[0198] In a CFP activity according to the present invention comprising generalized subject matter, one or more stimulus items may be adapted so that the correct response to each of the plurality of stimulus item reflects consistent critical features of the generalized subject matter, but also so that the correct response to each of the one or more stimulus items includes variable features that change from one stimulus item to the next. For example, in a CFP activity according to the present invention, one or more stimulus items comprising generalized subject matter may comprise the following statement: “Select the parabolic equation from the equations listed below.” The set of possible responses would include a correct response, such as “y=x2.” However, “y=x2”, is but one of an infinite number of equations which may be a possible correct response to this stimulus item. For example, any of the following equations also could be a correct response:

y=−x 2

y=x 2+3

y=−x 2+5

y=(x−2)2

y=(x−7)2+2

y=−(x−4)2

y=−(x−1)2+6

[0199] The difference between the application of a CFP activity according to the present invention to generalized and non-generalized subject matter becomes most apparent when a stimulus item is marked for increasing interval review. For a stimulus item comprising non-generalized subject matter, the set of possible responses always will include the same correct response. For example, if the stimulus item is “What is the capital of Ohio?” the set of possible responses always includes “Columbus.” If the learner responds incorrectly to this stimulus item the first time it is presented, it is marked for increasing interval review. When the stimulus item is next presented during 2-later review, the set of possible responses still includes the correct response “Columbus.” The same is true in 4-later and 6-later review.

[0200] For a stimulus item comprising generalized subject matter, the concept underlying the response is consistent between multiple instances of the stimulus item, but the correct response to the stimulus item may differ each time. For example, if the stimulus item is “Select the parabolic equation from the equations listed below,” the first set of responses may include as the correct response “y=x2.” If the learner responds incorrectly to this stimulus item the first time it is presented, it is marked for increasing interval review. However, when this same question appears in 2-later, 4-later and 6-later review, a different correct response may appear for the same stimulus item. For example, when the stimulus item is next presented in 2-later review, the set of possible responses may include the correct response “y=x2+4,” instead of “y=x2.” When the stimulus item is presented in 4-later review, the set of possible responses may include an alternative correct response, such as “y=−(x−5)2.” Likewise, in 6-later review the set of possible responses may include another alternative correct response, such as “y=−x2.” A learner would need to respond correctly to all three increasing interval review stimulus items before the retirement criterion counter for the stimulus item is incremented. Thus, the learner has to demonstrate a grasp of the underlying critical features of the generalized subject matter before the stimulus item is retired.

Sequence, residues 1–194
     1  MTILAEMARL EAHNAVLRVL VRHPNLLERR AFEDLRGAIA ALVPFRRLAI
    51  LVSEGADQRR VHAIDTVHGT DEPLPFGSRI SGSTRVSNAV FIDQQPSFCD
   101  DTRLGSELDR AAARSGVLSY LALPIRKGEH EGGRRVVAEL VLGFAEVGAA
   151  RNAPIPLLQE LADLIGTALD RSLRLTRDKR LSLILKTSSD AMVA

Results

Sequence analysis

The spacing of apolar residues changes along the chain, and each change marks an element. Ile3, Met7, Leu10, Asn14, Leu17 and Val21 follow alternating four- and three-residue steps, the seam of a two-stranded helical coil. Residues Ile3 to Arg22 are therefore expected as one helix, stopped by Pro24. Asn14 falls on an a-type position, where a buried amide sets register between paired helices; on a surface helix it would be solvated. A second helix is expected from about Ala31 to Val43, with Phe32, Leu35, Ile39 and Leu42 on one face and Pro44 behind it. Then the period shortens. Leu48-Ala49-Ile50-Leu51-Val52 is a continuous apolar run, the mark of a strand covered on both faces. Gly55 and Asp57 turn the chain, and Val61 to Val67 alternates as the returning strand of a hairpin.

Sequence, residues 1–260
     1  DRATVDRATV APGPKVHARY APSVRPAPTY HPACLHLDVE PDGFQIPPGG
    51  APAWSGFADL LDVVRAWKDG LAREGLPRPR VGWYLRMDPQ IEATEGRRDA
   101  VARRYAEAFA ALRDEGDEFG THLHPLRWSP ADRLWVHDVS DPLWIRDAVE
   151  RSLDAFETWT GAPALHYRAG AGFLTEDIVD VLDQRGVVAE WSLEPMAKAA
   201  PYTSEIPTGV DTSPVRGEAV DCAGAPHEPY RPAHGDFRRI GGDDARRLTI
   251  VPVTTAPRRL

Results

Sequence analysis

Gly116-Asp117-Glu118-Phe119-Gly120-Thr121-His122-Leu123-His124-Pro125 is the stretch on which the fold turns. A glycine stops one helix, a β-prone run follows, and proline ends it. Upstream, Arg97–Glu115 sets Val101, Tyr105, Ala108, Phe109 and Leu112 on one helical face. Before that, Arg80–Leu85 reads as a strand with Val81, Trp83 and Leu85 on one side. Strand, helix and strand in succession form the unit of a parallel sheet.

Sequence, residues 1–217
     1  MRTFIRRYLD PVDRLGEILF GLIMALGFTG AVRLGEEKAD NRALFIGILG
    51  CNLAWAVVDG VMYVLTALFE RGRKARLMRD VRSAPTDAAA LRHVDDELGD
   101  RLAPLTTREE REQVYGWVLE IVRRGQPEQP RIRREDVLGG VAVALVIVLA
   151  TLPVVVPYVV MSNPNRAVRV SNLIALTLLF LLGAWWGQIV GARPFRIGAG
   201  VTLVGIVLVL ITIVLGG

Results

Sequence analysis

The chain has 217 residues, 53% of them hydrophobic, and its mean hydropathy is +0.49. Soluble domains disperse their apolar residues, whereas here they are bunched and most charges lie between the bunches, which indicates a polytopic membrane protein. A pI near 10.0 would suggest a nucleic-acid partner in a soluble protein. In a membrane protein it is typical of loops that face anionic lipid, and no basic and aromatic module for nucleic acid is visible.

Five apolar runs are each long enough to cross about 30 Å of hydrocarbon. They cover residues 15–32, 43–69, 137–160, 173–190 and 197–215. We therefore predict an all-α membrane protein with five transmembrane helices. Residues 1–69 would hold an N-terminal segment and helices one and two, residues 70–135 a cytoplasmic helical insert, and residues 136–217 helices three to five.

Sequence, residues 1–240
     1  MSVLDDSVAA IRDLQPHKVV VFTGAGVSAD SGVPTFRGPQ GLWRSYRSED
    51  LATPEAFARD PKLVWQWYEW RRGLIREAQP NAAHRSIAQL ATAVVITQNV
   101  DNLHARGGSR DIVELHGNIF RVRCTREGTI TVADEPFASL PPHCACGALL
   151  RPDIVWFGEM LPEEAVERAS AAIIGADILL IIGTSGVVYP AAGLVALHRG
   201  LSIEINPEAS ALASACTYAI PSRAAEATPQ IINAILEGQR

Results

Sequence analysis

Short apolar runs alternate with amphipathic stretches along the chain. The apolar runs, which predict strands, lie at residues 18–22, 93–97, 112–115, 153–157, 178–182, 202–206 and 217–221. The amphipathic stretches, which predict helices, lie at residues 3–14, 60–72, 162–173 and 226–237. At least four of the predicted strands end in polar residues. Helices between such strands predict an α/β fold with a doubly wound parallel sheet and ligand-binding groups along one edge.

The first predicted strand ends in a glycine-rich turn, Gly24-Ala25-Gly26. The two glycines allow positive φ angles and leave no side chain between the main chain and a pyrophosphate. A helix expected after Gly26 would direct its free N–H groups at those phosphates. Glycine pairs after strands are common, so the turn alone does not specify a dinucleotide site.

[0201] A CFP activity may be adapted for other forms of generalized subject matter. For example, in a reading comprehension practice session, the stimulus item might be: “Identify the subject of the following sentence: ‘Jim went to the store.’” The correct response, of course, is “Jim.” But if this stimulus item is repeated during increasing interval review, the learner may focus inappropriately on the finding the response “Jim” as opposed to understanding the underlying grammatical/syntactical structure of this sentence.

[0202] To avoid this problem and to aid the learner in understanding the generalized concept, elements of the stimulus item may change each time the stimulus item is present to the learner. For example, when the stimulus item is presented in 2-later review, the stimulus item may be the following: “Identify the subject of the following sentence: ‘Marc biked to the theater.’” When the stimulus item is presented in 4-later review, the stimulus item may be the following: “Identify the subject of the following sentence: ‘Carmen and Leslie rode to the park.’” In 6-later review the stimulus item may be the following: “Identify the subject of the following sentence: ‘Ruth ran to the train station.’” The set of possible responses would be adapted accordingly.

[0203] In an embodiment, a CFP activity may have stimulus items comprising both generalized and non-generalized subject matter. In addition, a CFP activity may use randomization. For example, a CFP activity comprising a plurality of possible responses may employ an adaptation of the “within-question” randomization techniques described elsewhere herein to vary the set of possible responses in multiple instances of the same stimulus item.

[0204] A CFP activity also may use randomization to vary the stimulus item itself where the stimulus item is directed toward generalized subject matter. For example, the stimulus item: “Identify the subject of the following sentence: ‘Jim went to the store.’” can be restructured using variables as follows: “Identify the subject of the following sentence: ‘[noun] [verb] to the [object].’” Retrievably stored in database 106 are a plurality of values for each variable. For example, for the variable [noun], database 106 could contain the possible values {Jim, Mary, Ruth, Marc, Carmen and Leslie, Paul}. For the variable [verb], database 106 could contain the possible values {went, rode, biked, skipped, ran, walked}. For the variable [object], database 106 could contain the possible values {store, shopping mall, theater, school, park, train station}. When the stimulus item is presented to the learner, the system of the present invention is operable to randomly retrieve one value from the database for each variable to construct the stimulus item.